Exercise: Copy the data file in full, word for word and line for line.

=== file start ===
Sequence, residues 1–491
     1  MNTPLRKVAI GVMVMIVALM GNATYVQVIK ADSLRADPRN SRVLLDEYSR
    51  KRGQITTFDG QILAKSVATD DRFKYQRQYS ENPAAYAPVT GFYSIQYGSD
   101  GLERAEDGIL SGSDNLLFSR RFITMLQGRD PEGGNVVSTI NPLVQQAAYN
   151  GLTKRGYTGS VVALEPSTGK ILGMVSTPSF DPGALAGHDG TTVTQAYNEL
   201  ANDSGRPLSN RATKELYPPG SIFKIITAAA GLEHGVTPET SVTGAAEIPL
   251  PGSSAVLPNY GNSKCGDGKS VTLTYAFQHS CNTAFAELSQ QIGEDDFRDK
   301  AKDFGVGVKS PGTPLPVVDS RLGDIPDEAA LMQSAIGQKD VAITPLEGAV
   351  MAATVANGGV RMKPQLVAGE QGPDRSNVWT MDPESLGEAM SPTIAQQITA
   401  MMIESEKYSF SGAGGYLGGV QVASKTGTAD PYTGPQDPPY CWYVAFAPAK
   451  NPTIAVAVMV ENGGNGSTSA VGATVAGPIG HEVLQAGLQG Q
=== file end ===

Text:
Sequence, residues 1–491
     1  MNTPLRKVAI GVMVMIVALM GNATYVQVIK ADSLRADPRN SRVLLDEYSR
    51  KRGQITTFDG QILAKSVATD DRFKYQRQYS ENPAAYAPVT GFYSIQYGSD
   101  GLERAEDGIL SGSDNLLFSR RFITMLQGRD PEGGNVVSTI NPLVQQAAYN
   151  GLTKRGYTGS VVALEPSTGK ILGMVSTPSF DPGALAGHDG TTVTQAYNEL
   201  ANDSGRPLSN RATKELYPPG SIFKIITAAA GLEHGVTPET SVTGAAEIPL
   251  PGSSAVLPNY GNSKCGDGKS VTLTYAFQHS CNTAFAELSQ QIGEDDFRDK
   301  AKDFGVGVKS PGTPLPVVDS RLGDIPDEAA LMQSAIGQKD VAITPLEGAV
   351  MAATVANGGV RMKPQLVAGE QGPDRSNVWT MDPESLGEAM SPTIAQQITA
   401  MMIESEKYSF SGAGGYLGGV QVASKTGTAD PYTGPQDPPY CWYVAFAPAK
   451  NPTIAVAVMV ENGGNGSTSA VGATVAGPIG HEVLQAGLQG Q